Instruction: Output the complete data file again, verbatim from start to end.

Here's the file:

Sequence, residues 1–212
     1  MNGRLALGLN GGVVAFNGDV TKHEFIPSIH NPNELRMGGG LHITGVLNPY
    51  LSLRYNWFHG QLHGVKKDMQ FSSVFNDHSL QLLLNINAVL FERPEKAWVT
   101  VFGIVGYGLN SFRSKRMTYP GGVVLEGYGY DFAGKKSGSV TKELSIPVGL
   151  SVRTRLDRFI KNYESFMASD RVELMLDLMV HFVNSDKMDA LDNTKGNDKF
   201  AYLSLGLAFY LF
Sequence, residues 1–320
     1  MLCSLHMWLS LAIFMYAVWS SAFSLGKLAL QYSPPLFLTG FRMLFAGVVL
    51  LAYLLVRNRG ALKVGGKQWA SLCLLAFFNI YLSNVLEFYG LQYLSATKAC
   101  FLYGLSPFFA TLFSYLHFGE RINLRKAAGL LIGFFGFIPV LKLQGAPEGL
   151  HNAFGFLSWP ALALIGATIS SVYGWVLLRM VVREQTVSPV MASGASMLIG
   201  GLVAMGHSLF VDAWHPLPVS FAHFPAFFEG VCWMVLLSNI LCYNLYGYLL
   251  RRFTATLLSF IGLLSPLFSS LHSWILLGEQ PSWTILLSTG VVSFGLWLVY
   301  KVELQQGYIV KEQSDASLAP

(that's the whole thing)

Sequence, residues 1–212
     1  MNGRLALGLN GGVVAFNGDV TKHEFIPSIH NPNELRMGGG LHITGVLNPY
    51  LSLRYNWFHG QLHGVKKDMQ FSSVFNDHSL QLLLNINAVL FERPEKAWVT
   101  VFGIVGYGLN SFRSKRMTYP GGVVLEGYGY DFAGKKSGSV TKELSIPVGL
   151  SVRTRLDRFI KNYESFMASD RVELMLDLMV HFVNSDKMDA LDNTKGNDKF
   201  AYLSLGLAFY LF
Sequence, residues 1–320
     1  MLCSLHMWLS LAIFMYAVWS SAFSLGKLAL QYSPPLFLTG FRMLFAGVVL
    51  LAYLLVRNRG ALKVGGKQWA SLCLLAFFNI YLSNVLEFYG LQYLSATKAC
   101  FLYGLSPFFA TLFSYLHFGE RINLRKAAGL LIGFFGFIPV LKLQGAPEGL
   151  HNAFGFLSWP ALALIGATIS SVYGWVLLRM VVREQTVSPV MASGASMLIG
   201  GLVAMGHSLF VDAWHPLPVS FAHFPAFFEG VCWMVLLSNI LCYNLYGYLL
   251  RRFTATLLSF IGLLSPLFSS LHSWILLGEQ PSWTILLSTG VVSFGLWLVY
   301  KVELQQGYIV KEQSDASLAP